The Civil Aviation Authority (CAA) has begun enforcement action against Ryanair over its refusal to compensate passengers whose flights were disrupted by strikes this summer.
Tens of thousands of Ryanair passengers had their flights delayed or cancelled due to strikes by cabin crew and pilots. The airline has refused to pay out under existing compensation rules, claiming the strikes should be considered ‘extraordinary circumstances’. The CAA’s enforcement action is intended to force the airline to pay.
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Passengers had previously been advised to lodge compensation claims with Aviation ADR, the CAA approved arbitration provider. Ryanair has now ended its relationship with Aviation ADR. Those passengers with existing claims will have to await the outcome of the CAA enforcement action, which may be resolved in court.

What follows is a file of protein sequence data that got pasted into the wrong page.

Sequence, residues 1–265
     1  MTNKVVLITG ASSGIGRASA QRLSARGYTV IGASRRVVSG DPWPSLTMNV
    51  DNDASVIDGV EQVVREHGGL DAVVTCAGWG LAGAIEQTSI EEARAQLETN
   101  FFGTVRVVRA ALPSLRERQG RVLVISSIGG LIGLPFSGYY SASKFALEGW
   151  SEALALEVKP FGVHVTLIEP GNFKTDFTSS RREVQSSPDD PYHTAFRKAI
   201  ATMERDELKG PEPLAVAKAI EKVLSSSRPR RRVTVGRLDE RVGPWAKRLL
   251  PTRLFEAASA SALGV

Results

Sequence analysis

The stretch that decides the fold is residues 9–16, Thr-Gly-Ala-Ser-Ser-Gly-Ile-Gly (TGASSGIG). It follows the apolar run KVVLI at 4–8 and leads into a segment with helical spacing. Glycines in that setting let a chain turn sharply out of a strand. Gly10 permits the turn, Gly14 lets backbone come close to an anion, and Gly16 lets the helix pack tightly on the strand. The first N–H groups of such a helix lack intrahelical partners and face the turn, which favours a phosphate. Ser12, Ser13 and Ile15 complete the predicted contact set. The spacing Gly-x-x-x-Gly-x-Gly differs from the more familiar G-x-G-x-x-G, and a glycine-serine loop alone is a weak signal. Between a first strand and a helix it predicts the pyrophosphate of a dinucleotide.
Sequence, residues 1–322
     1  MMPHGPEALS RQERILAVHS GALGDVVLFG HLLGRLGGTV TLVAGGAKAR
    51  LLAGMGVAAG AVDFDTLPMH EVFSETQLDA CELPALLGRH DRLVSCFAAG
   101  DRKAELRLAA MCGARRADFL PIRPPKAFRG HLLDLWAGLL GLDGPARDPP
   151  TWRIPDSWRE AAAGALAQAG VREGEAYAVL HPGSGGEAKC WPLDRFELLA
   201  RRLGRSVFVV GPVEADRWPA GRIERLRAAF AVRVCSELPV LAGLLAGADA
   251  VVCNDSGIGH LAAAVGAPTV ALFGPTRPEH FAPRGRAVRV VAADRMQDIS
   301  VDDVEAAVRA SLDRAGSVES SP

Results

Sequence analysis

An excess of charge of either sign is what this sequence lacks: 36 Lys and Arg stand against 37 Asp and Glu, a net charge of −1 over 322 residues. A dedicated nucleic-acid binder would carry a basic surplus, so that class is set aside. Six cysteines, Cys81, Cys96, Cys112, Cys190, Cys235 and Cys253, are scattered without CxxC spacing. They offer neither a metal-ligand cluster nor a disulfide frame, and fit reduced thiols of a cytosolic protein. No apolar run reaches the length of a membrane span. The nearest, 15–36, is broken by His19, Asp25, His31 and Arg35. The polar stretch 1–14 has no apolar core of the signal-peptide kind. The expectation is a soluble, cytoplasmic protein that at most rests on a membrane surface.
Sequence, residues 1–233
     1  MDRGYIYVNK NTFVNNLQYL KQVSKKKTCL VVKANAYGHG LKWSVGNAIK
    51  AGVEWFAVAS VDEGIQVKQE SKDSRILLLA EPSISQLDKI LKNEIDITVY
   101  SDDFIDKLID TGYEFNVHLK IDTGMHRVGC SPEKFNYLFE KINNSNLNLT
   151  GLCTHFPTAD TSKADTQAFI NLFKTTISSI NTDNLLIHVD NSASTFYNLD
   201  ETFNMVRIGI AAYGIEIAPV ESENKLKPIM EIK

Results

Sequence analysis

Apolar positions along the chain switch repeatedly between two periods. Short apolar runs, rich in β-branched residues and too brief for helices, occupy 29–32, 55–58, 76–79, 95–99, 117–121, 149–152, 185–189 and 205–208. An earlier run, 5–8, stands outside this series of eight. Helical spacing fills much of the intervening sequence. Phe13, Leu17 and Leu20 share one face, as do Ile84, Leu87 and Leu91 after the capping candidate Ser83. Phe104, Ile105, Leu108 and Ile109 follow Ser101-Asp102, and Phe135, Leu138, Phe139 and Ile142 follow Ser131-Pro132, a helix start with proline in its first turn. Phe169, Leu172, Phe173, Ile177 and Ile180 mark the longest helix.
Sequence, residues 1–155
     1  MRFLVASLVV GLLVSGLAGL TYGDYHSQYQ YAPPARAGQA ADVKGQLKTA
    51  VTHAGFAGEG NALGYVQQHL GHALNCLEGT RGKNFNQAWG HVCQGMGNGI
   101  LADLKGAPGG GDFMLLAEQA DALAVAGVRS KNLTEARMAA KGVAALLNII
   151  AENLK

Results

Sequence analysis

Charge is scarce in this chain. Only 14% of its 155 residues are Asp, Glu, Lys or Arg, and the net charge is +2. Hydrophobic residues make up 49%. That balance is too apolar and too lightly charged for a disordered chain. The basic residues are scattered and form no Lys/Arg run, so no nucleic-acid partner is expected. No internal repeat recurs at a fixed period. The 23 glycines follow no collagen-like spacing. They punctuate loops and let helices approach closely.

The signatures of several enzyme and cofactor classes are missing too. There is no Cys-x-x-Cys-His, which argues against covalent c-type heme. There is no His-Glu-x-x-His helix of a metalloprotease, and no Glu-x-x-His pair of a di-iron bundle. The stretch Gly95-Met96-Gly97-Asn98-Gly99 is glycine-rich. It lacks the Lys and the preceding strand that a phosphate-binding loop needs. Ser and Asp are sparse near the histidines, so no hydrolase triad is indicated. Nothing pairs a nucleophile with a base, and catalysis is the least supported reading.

A previous Which? Travel investigation into airline arbitration schemes found that passengers often faced significant delays in trying to claim compensation they were due; with some resorting to court orders and bailiffs to force airlines to pay.
The airline continues to claim it doesn’t need to pay out. A Ryanair spokesperson said: ‘Courts in Germany, Spain and Italy have already ruled that strikes are an “exceptional circumstance” and EU261 compensation does not apply.
‘We expect the UK CAA and courts will follow this precedent.’
A positive step
Rory Boland, Which? Travel editor, said: ‘Customers would have been outraged that Ryanair attempted to shirk its responsibilities by refusing to pay out compensation for cancelling services during the summer – which left hard-working families stranded with holiday plans stalled.
‘It’s right that the CAA is now taking legal action against Ryanair on the basis that such strikes were not “extraordinary circumstances” and should not be exempt, to ensure that the airline must finally do the right thing by its customers and pay the compensation owed.’